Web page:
NextEra Energy Inc (NYSE:NEE) is an interesting cross between an independent power producer (IPP) and a regulated utility. And, there are very few of its kind out there.
On the IPP side, NEE is the country’s leading provider of renewable energy — mostly wind and solar — to its regulated side, as well as other utilities that are interested in growing their renewable footprint.
In 2009, NextEra bought Florida Power and Light (FPL), a major Florida utility and the No. 3 nuclear energy power producer in the U.S. It serves nearly 5 million customers in the Sunshine State and is the world’s largest generator of wind and solar energy.
Its IPP operations sell power to its regulated subsidiary, and the virtuous circle is complete. The success of FPL has been a long time coming because Florida was an extremely tough place to be a utility — regulators were very hard to read and weren’t always interested in rates to cover expanding the energy needs of the customers.
Add to that the fact that the weather in Florida is not conducive to long equipment lifespans. That means it’s expensive to operate the utility on a day-to-day basis. What’s more, this doesn’t even take into consideration the regular threat of extreme weather from hurricanes and tropical storms.
What’s Different About NEE?
Perhaps it’s because of these challenges that NextEra Energy — and NEE stock — has managed to do so well with its hybrid model. After the industry’s deregulation boom in the beginning of the century, when all the big utilities spun off IPPs, everything came crashing down when Enron imploded.
All the big utilities spun out or dismantled their IPPs and went back to their former regulated selves. NEE has managed to not only become a successful renewable energy player, but has also turned FPL into a model modern utility company in the process.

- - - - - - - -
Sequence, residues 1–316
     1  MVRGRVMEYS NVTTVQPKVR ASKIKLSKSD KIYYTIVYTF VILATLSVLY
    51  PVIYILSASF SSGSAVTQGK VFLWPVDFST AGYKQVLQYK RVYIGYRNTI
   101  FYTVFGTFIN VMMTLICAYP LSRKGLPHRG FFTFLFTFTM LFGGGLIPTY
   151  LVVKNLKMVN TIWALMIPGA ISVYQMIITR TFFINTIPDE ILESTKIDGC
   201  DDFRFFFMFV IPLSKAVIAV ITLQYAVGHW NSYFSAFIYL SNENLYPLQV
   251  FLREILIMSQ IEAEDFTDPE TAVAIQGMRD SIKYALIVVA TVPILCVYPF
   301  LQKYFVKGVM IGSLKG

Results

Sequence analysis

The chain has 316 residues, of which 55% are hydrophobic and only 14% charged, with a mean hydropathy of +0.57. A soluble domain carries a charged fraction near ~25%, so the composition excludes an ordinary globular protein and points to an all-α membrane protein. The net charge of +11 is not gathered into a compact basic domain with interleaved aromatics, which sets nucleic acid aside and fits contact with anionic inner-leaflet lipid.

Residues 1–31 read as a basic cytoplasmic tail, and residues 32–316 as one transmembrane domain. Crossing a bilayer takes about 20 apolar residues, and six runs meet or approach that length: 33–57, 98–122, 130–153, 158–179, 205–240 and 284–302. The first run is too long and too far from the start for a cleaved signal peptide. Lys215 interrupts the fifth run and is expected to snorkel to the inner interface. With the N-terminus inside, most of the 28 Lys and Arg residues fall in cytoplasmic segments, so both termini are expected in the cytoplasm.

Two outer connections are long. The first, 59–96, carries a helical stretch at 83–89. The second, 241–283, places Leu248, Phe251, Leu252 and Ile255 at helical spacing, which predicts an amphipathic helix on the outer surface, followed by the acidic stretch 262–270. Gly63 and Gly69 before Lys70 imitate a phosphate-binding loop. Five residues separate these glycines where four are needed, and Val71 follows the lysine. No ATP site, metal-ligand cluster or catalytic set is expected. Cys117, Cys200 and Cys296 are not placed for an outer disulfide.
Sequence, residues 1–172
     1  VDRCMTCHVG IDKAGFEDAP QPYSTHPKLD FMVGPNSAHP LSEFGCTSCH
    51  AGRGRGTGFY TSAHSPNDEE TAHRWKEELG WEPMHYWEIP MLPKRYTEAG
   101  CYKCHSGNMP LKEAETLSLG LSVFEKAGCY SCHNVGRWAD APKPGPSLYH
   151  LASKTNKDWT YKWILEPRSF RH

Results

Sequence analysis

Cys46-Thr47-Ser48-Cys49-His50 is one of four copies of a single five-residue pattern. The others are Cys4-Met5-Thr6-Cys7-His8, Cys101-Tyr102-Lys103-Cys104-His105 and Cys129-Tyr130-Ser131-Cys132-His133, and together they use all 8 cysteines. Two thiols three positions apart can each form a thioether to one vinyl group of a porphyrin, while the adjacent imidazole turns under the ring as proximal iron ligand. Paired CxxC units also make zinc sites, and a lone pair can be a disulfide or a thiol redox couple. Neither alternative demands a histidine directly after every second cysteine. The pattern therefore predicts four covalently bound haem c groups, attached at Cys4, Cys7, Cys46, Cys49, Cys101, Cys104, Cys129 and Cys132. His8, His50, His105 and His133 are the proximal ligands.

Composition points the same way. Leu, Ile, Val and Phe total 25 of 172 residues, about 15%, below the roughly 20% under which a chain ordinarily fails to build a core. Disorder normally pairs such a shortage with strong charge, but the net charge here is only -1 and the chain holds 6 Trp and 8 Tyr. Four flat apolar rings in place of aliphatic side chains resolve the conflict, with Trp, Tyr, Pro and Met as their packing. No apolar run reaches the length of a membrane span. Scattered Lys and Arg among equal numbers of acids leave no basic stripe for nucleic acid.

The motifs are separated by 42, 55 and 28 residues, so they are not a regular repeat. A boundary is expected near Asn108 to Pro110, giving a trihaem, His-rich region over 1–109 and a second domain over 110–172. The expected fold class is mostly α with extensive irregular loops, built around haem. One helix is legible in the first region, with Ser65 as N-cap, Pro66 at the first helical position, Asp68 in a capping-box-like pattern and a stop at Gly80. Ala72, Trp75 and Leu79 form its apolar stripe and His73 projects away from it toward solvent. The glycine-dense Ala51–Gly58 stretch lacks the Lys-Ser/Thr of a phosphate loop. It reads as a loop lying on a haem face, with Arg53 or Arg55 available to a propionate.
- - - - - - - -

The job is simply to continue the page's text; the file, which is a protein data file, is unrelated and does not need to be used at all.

NEE stock has outperformed Southern neighbors Duke Energy Corp (NYSE:DUK), Dominion Resources, Inc. (NYSE:D) and Southern Co (NYSE:SO) by double or more in the past 12 months. And, it still throws off a respectable 3% dividend yield.
FPL grew its regulated capital base by 8.3% in fiscal 2016, and NEE grew its revenue by 10% in the same time frame. As a matter of fact, NEE has delivered compounded annual growth of 8% per year since 2005.
These are significant numbers for a utility or an IPP, especially when most of the revenue comes from a state that doesn’t suffer any real winter weather (usually the peak earnings season for most utilities).
What’s more, FPL is planning on adding 1.5 GW of solar power over the next seven years to bring its total to 2.1 GW. More growth for FPL means more growth for NextEra Energy, and a bright future for NEE stock.
Richard Band’s Profitable Investing advisory service helps retirement savers outperform the market without losing a minute of sleep along the way. His straightforward style and low-risk value approach has won seven Best Financial Advisory awards from the Newsletter and Electronic Publishers Foundation.